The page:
Gary J. Kirchner


Tommy was totally unaware of any passage of time between being knocked out and regaining consciousness. No dreams, no thoughts; it was like he was hit from behind and then the next second he was struggling to sit up. There seemed to be hands all over him, pulling him down to the surface he’d been lying upon. He opened his eyes, saw brightness, an unfamiliar room, half a dozen very agitated people, agitated because they were struggling against him, heard snippets of words and shouts, mostly in a language or in languages that he didn’t understand, with the occasional phrase in English:

“. . . hold his arm . . .”

“. . . strong bugger!”

“. . . get the needle . . .”

“No, no needle. I want him awake.” This from someone who was standing apart from the others.

Tommy was now fully roused, although thoroughly confused, and he began to fight his unknown assailants with a fury that was fueled by his fear. In his disoriented bewilderment, all he could think about was escape. With a free leg he kicked somebody in the chest; he got an arm loose and grabbed the cloth of someone’s shirt, and then there were five people on top of him. Someone was trying to strap a leg to the table or whatever it was he was on; they were trying to strap his other limbs . . .The table tipped over, and the chaotic struggle continued on the floor. A wave of pain in his head almost overwhelmed him, and for an instant his world was black again. Nevertheless, he kicked his legs free, flailed his arms, punched, elbowed, kneed – he was too powerful; they couldn’t control him. He got to his feet, smashed a forearm into somebody’s jaw, grabbed another by the cloth of the shirt and tossed him aside, felt the sickening wave of pain in his head again and almost fell over, took a step toward what he thought must be the door . . .

“Where are you going to go, Tommy?”

He stopped.

Once again the wave of pain, the colour of the room limited to shades of blue and grey . .

Instantly hands were on him, pulling his arms…

“Let him go,” the voice said, loudly but not crossly. Then, conversationally: “Where are you going to go, Tommy?”

Tommy stopped struggling; the hands reluctantly released him.

The man who had spoken, the one who’d been standing apart, now spoke calmly in a language Tommy thought was German. A couple of the people he’d been fighting answered back, one quite forcefully; the calm man answered, the other responded in apparent anger, the calm man answered again. He was clearly in charge. The angry man left with three of the others.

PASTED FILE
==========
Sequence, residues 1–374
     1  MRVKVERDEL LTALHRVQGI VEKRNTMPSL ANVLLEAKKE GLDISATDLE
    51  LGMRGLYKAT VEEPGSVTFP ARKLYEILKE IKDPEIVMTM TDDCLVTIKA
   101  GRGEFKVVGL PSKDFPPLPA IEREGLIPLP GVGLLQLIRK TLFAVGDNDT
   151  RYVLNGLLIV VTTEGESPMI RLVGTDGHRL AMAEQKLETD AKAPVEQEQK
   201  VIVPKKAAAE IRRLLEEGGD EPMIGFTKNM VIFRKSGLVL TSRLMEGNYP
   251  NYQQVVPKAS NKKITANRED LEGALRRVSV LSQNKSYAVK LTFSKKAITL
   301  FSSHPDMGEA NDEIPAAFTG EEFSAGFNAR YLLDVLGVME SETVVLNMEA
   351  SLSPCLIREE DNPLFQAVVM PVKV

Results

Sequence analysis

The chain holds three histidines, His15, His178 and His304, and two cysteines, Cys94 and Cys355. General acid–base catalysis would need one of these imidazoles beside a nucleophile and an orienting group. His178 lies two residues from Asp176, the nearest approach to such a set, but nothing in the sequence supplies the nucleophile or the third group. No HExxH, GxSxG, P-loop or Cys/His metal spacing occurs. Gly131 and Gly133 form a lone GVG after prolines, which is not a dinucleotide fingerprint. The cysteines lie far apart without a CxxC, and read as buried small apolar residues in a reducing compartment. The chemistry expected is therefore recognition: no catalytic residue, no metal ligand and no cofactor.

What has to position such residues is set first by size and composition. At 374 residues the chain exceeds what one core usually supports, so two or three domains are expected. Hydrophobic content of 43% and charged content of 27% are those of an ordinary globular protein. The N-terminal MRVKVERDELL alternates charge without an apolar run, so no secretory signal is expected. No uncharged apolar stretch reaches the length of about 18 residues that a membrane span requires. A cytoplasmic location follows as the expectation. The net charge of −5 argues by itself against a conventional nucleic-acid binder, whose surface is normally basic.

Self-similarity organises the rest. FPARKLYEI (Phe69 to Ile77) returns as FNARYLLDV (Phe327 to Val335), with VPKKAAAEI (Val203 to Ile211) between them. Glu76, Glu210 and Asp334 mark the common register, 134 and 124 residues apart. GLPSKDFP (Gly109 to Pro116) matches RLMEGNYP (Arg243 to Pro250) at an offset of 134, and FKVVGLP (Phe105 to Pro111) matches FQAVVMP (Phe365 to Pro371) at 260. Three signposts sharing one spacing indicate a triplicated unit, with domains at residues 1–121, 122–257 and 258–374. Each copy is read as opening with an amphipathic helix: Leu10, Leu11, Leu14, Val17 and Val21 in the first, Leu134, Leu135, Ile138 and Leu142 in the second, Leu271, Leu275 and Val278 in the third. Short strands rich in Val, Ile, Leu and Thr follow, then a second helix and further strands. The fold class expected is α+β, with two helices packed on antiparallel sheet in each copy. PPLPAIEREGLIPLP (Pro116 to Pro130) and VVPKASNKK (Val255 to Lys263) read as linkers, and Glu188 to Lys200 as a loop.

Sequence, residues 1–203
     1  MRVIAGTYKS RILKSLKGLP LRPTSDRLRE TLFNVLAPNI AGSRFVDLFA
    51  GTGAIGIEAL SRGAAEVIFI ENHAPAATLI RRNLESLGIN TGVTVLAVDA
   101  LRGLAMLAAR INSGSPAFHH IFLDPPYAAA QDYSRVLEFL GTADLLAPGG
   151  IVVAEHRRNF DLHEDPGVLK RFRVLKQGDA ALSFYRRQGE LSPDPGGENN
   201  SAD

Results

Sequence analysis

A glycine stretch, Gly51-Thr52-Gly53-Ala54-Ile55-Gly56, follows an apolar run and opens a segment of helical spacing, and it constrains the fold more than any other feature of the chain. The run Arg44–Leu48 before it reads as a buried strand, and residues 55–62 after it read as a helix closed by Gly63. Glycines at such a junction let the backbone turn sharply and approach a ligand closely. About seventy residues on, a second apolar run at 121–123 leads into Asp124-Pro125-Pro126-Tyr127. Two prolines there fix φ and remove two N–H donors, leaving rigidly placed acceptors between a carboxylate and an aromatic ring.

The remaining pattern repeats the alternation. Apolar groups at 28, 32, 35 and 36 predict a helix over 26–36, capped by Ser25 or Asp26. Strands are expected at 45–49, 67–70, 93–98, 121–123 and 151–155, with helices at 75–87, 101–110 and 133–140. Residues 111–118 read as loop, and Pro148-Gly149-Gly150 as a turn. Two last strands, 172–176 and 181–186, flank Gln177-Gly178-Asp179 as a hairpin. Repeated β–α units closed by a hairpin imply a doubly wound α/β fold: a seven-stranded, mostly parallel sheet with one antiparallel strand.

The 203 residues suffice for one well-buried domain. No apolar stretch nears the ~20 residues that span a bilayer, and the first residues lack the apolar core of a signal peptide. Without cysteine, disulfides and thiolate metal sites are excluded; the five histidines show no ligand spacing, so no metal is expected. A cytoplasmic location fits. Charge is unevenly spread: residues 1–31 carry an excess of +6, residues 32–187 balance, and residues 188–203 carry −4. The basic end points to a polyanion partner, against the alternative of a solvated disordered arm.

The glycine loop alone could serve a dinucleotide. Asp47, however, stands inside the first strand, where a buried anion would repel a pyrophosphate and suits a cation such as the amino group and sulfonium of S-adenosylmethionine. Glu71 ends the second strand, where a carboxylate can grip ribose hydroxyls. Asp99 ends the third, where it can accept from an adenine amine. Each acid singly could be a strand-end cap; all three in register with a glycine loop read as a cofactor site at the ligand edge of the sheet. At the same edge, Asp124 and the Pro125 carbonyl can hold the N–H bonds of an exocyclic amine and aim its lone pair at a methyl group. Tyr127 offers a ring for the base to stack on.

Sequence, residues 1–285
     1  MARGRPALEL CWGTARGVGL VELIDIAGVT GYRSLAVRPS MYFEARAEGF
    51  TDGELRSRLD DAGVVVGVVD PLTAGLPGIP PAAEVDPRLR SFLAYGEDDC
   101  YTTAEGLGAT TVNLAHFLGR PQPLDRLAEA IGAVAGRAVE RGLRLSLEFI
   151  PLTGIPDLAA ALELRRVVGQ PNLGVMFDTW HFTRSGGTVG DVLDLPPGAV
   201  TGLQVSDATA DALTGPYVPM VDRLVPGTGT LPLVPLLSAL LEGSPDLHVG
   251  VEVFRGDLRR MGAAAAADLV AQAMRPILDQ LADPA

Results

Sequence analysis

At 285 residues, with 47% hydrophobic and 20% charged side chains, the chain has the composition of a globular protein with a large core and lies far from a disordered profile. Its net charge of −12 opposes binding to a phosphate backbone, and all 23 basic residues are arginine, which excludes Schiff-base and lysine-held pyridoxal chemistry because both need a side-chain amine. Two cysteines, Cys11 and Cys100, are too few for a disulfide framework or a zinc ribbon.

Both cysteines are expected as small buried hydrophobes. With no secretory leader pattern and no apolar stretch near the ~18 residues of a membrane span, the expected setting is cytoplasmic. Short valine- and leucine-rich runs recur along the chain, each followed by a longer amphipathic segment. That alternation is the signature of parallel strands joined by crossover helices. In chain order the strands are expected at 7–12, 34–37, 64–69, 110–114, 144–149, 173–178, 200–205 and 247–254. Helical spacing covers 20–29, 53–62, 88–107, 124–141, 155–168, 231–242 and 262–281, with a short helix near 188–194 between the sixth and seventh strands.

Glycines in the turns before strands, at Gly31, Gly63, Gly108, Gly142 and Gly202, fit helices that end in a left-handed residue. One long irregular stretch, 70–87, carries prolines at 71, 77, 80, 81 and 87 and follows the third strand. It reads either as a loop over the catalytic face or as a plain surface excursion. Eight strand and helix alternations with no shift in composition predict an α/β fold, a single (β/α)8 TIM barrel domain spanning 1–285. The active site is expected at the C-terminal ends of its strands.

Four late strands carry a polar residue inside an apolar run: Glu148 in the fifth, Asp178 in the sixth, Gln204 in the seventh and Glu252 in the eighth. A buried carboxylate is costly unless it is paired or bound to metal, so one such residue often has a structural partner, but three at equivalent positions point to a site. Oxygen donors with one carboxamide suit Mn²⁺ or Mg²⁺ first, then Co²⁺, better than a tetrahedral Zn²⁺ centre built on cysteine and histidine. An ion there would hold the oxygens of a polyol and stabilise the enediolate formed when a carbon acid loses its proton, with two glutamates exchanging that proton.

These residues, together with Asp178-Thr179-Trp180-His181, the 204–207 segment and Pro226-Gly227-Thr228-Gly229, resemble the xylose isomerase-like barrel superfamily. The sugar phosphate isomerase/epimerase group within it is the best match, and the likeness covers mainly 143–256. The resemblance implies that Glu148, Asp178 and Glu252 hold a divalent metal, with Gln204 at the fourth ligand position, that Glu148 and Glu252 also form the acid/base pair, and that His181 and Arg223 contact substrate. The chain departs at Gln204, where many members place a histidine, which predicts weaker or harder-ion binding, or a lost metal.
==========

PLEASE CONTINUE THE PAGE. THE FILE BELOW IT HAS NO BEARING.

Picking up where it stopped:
Tommy turned slowly. A wave of dizziness overwhelmed him and he almost fell. The room seemed to be tilted. His head felt like it was about to explode.

“You’d better sit down, Tommy.”

A chair materialized behind his knees; a hand was pushing him into it. He sat down and tried to relax his breathing. His dizziness waned, and the room returned to a semblance of focus.

“You’ve opened up where we’d stitched you.” The man speaking looked to be about seventy years old, what was left of his hair was white and close-cropped, and he had arresting pale blue eyes magnified behind an enormous pair of glasses with heavy black frames. He was wiry and short, a full foot less than Tommy, and he wore a black beret. “Go get Ameline,” he said to the person standing behind Tommy. “She’s good at these things. Don’t worry. I’m fine here with Mr. Antikagamac.”

The old man stepped forward and righted the table that had fallen over, and then sat on its edge. “I’m sorry. My name is Lennox Voigt.” He extended his hand.

Tommy ignored it. “Are you in charge here? What’s going on? Why am I here?” The pain in his head when he spoke was so intense he was compelled to close his eyes. He put his hands to his head, and felt wetness with his right. When he looked at it, it was covered with blood. That tempered his anger; in his gut he felt the same fear he’d felt in the forest.

“Try to relax, Tommy.” He took Tommy’s clean hand and expertly felt for his pulse while he continued to speak. “Am I in charge? No. And yes. There’s nobody who’s really in charge, so to speak, but people tend to listen to me because I’m bald.” He released Tommy’s hand.

“You weren’t connected when you stumbled upon Harrison, were you.”

Tommy didn’t respond.